No, it is not D. Sebastião returning in a foggy dawn. The sound of a horn that has been invading the city of Lisbon in recent nights comes from a cargo ship anchored on the Tagus River – the Philippine flag “Western Miami”, which is standing in the Mar de Palha for fuel. The sound is meant to warn other vessels that a ship is docked but may not be seen because of the fog. And this sound may last until the end of the week, the captaincy of the Port of Lisbon told News Diary.
Lisboners have been awakened by the horn since December 28, the day the ship arrived in Lisbon from Gijón, Spain. Complaints have invaded social networks, but “Western Miami” is only complying with rule number 35 of the International Regulations to Prevent Collisions at Sea, which refers to “beeps in conditions of reduced visibility”.
In this case, point F of that regulation applies, which states that “a ship at anchor shall ring the bell in rapid cadence for about five seconds at intervals not exceeding one minute”. The rule also adds that “a anchored vessel may also emit three consecutive sounds, one short sound followed by a long and short sound, to signal an approaching ship and the possibility of collision. “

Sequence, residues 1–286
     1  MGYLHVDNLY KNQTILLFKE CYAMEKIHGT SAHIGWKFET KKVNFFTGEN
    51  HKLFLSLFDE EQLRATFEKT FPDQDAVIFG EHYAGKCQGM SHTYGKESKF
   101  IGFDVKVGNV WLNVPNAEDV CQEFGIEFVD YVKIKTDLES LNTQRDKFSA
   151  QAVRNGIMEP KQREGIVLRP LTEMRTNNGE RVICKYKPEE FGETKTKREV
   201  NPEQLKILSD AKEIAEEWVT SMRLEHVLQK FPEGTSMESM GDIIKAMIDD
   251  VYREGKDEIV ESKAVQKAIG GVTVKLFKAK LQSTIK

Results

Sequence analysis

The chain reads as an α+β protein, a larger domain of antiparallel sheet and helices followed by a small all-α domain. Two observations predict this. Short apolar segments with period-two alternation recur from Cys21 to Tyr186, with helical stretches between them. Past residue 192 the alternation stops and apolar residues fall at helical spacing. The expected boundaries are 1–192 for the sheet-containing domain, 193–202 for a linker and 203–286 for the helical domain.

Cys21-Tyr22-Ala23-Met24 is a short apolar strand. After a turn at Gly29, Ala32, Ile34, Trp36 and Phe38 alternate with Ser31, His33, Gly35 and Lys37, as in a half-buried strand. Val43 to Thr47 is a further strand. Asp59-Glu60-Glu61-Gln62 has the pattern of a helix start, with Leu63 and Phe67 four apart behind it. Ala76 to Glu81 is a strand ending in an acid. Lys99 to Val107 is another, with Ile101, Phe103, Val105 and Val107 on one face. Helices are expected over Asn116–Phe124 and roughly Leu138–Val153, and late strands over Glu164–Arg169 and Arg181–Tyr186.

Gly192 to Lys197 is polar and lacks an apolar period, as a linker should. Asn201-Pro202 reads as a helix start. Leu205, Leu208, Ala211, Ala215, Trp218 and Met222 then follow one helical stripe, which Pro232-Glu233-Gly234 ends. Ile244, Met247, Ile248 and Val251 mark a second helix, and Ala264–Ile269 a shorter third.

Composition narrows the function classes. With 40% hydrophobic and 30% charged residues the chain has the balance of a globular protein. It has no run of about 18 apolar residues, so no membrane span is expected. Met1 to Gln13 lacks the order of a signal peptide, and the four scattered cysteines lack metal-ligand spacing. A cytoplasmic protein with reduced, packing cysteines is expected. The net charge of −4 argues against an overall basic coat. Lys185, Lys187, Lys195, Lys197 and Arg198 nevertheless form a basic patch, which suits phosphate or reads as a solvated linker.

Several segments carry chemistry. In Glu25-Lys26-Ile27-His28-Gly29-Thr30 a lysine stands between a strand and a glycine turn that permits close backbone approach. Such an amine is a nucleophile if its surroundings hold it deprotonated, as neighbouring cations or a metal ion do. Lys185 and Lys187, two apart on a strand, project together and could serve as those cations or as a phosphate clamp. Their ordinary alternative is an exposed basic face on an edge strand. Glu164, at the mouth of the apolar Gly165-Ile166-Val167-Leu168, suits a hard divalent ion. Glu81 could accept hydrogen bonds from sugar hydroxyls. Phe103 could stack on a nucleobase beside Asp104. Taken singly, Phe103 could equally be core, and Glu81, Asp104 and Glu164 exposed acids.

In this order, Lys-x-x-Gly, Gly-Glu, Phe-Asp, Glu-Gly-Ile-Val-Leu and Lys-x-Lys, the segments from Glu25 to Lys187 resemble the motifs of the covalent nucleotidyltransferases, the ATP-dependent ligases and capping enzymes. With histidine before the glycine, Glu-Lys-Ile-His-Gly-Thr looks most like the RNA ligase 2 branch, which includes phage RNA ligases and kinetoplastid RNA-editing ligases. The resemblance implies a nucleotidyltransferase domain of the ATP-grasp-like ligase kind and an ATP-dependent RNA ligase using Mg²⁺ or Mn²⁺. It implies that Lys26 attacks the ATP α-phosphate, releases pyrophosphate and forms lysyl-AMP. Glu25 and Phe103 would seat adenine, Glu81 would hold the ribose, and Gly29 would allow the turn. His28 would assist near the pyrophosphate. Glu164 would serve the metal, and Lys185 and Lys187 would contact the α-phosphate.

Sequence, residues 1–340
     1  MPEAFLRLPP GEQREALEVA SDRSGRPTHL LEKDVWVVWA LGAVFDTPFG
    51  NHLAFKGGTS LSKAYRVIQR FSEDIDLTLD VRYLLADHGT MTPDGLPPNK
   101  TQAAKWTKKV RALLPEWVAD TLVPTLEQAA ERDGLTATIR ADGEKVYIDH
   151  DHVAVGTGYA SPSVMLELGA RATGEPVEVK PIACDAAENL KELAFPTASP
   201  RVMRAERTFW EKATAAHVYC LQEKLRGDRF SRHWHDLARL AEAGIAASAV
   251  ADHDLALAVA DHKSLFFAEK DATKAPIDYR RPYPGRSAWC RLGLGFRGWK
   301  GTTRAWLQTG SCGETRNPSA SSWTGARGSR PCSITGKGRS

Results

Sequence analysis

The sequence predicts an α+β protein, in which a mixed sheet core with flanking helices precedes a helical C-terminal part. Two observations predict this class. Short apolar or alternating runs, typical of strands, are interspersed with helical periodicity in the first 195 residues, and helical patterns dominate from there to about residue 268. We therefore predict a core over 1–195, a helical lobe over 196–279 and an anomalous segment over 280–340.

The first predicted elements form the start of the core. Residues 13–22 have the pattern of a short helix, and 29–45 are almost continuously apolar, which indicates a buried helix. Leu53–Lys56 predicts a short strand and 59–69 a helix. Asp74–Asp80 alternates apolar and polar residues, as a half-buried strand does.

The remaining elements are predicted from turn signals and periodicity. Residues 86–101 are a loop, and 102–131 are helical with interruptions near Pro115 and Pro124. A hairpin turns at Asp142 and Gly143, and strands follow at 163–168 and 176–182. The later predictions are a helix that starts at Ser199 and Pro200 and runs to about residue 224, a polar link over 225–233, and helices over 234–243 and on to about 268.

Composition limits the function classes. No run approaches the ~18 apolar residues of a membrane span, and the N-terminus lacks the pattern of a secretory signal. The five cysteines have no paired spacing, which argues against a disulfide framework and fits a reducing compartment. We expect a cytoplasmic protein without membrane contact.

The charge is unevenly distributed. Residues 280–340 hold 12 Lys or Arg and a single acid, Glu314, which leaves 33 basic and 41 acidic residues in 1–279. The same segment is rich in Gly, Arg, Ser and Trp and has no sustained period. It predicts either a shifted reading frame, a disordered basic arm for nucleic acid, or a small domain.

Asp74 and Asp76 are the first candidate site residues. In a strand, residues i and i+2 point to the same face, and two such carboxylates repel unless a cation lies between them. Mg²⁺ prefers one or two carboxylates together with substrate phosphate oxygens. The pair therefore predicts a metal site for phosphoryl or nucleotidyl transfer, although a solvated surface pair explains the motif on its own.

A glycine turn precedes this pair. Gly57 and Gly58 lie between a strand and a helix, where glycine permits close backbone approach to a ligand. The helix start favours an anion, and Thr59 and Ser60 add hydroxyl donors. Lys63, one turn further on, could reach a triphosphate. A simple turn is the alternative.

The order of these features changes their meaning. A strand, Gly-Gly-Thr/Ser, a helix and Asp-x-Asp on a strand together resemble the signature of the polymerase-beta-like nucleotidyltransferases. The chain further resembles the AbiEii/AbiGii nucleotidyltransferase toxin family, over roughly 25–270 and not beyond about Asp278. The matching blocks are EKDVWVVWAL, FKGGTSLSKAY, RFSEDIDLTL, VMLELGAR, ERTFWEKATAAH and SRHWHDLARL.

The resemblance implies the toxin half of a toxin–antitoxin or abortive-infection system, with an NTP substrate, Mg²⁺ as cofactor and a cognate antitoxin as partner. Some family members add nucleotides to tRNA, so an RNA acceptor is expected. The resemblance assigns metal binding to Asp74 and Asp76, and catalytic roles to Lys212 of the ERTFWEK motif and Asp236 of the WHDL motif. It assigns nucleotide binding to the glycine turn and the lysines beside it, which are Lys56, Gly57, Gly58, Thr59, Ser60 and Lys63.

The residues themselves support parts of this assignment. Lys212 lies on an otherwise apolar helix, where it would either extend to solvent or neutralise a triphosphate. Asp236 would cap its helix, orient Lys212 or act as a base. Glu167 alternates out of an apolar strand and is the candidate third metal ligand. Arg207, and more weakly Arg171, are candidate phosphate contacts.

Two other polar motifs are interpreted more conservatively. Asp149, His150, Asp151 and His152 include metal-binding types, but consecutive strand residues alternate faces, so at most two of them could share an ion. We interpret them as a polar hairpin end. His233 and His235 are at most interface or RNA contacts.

These kinds of beeps are not common because many large boats, such as Western Miami, already have more sophisticated systems to detect the presence of other vessels. But smaller boats may not be equipped with these tracking systems. As “Western Miami” is anchored in a transit zone where Transtejo boats pass, the captain of this ship has been sounding these precautions.
These are the horns that Lisboners have heard – and which, according to the Captaincy of the Port of Lisbon, may last until the end of the week if the boat stays here and the morning fog gives no respite. After that, and if you follow his planned route on the “Marine Traffic” page, you should head to Brownsville, USA, where it should arrive by January 20th.